Ignigting the problem

By Maggie Monson

New York City mayor Michael Bloomberg signed a law Tuesday making tobacco illegal to purchase for those under 21.
Young adults ages 18 to 21 can still possess tobacco legally, but they can’t purchase it anymore, effective in about six months, according to an article yesterday from the Associated Press.
Smoking cigarettes would not be legal nationally, if it were up to me. However, this law probably won’t wipe out smoking among young adults ages 18 to 21. In fact, it could have the opposite effect. They may not be able to purchase the cigarettes legally, but that will only be a minor setback.
Smoking was hugely popular in the early-20th century because it was socially acceptable. Smoking ads from the 1950s feature the slogan “More doctors smoke Camels than any other brand!”
Cigarettes were also cool for teenagers and young adults around this time period.
Movie stars smoked on screen, lending an aura of glamour and sex appeal to cigarettes. Average Americans take their cues from the media, and cigarettes were everywhere.
Smoking cigarettes reached its height of popularity in the 1950s, when nearly half of all adult Americans smoked, according to a 2008 article on Gallup.com. However, the rate of smoking has gradually decreased since then.
Only 18 percent of American adults now smoke cigarettes as of last year, according to a June 2013 New York Times article.
This is due, in part, to a decrease in the “cool factor” of smoking. Teenagers and young adults are most susceptible to addiction, according to the AP article, but it’s no longer the societal norm to smoke.
Media does not glamorize smoking anymore. News stations constantly air new data about the negative side effects of cancer. Many states have banned smoking indoors and even within a certain distance of public spaces. Restricting smoking-approved locations gives the impression that smoking is on its way out.
Raising the price of cigarettes has also decreased the amount of smokers nationwide. When many people are struggling to make ends meet, the least-necessary purchases are the first to go, and cigarettes are often part of this category.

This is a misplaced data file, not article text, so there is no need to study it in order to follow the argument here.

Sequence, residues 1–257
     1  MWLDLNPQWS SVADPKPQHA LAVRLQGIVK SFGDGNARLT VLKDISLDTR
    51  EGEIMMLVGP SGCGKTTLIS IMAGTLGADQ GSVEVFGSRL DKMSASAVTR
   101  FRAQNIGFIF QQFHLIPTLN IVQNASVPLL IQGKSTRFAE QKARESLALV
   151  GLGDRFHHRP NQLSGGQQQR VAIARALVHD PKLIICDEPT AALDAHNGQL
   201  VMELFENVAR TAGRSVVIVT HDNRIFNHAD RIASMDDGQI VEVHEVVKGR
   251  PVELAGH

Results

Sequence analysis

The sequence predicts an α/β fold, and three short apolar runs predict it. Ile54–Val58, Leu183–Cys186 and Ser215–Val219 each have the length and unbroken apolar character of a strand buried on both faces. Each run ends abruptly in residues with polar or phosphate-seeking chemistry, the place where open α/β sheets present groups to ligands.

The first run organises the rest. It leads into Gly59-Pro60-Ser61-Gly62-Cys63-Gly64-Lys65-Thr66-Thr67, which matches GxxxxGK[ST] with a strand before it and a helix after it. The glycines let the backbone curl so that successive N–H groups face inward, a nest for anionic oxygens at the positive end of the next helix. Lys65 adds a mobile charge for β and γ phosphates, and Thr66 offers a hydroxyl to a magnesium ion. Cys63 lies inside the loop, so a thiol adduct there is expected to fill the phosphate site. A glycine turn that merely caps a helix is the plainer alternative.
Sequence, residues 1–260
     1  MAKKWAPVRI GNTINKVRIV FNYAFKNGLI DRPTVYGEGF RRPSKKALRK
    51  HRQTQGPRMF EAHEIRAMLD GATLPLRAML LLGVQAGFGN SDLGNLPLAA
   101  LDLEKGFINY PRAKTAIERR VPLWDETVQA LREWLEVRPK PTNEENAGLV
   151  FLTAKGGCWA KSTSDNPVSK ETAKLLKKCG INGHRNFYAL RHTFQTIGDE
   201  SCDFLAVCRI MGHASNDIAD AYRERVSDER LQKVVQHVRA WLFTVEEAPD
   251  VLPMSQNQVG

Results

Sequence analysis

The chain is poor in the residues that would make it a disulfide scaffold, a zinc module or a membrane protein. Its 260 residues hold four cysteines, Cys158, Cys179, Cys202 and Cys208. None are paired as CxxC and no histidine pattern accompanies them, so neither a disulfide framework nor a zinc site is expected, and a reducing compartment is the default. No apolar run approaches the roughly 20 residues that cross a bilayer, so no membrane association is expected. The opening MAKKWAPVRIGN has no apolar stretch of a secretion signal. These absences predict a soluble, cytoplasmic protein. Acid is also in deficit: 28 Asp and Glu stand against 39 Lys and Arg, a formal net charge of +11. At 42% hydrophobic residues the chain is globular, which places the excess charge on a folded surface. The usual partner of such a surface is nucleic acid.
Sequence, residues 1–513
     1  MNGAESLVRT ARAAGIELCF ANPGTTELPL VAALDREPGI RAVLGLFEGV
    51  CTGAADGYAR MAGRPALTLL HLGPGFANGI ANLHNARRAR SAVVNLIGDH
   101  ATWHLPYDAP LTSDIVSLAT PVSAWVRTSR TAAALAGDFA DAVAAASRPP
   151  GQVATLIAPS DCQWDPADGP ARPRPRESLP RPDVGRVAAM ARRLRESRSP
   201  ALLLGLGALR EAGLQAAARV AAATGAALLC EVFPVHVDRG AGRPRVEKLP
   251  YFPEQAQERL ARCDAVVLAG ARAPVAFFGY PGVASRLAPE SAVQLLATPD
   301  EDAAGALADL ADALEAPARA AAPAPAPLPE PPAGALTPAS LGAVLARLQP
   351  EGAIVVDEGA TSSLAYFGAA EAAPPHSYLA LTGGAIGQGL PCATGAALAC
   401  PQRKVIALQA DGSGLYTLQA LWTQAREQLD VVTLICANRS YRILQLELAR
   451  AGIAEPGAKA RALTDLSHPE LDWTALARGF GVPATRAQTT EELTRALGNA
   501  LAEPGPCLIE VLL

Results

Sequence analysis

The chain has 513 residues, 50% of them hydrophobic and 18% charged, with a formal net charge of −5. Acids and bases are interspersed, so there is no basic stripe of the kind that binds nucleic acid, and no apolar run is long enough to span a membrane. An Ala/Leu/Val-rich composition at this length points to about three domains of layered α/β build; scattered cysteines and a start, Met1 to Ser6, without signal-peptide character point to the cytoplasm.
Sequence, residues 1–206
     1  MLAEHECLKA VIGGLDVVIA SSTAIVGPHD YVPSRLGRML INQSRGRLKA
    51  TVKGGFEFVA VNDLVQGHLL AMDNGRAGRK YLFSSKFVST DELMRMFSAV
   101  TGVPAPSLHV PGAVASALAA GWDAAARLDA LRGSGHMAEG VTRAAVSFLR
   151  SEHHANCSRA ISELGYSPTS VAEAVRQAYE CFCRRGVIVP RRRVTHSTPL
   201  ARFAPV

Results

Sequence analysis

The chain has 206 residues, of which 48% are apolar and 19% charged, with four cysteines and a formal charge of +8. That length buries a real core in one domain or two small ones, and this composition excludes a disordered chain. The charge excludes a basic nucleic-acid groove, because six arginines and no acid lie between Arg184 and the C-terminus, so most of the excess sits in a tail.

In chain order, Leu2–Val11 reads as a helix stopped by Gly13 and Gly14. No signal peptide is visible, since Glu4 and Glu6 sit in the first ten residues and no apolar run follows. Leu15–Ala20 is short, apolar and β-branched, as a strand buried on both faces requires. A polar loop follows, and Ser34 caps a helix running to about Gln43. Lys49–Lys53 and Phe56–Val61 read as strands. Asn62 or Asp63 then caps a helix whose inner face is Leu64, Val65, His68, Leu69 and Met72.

Americans have been making the decision not to smoke more and more. However, this law may lend back some of the “cool” factor of smoking.
Rebellion is a natural part of being a teenager. Teens want to break the rules as they fight to find their own identities. By raising the legal age to purchase cigarettes, Bloomberg made smoking more exciting because it is forbidden.
This is the same concept with drinking alcohol. In part, underage drinking occurs so often because teenagers want to rebel even more. Even though cigarettes were still illegal to purchase for those younger than 18 before this law, raising the purchasing age makes them seem like a better way to rebel.
This law isn’t necessary.
Smoking has already been on a consistent decline in recent years. Instead of sticking with more subtle methods, NYC raised the purchasing age and potentially set off a new wave of teenagers who become hooked on cigarettes because of teenage rebellion.
Studies have proven tactics such as raising the price of cigarettes and creating smoke-free environments effectively cut down the rate of smoking, according to the same New York Times article.
Other cities should not follow NYC’s lead. Instead, the U.S. should educate people on the dangers of cigarettes and the manipulation of the tobacco industry.
These methods may require more patience, but they will be far less likely to backfire and create a new generation of rebellious smokers. These teenagers will struggle with addiction the rest of their lives, but they don’t consider that when they want to look cool through rebelling against their parents and the law.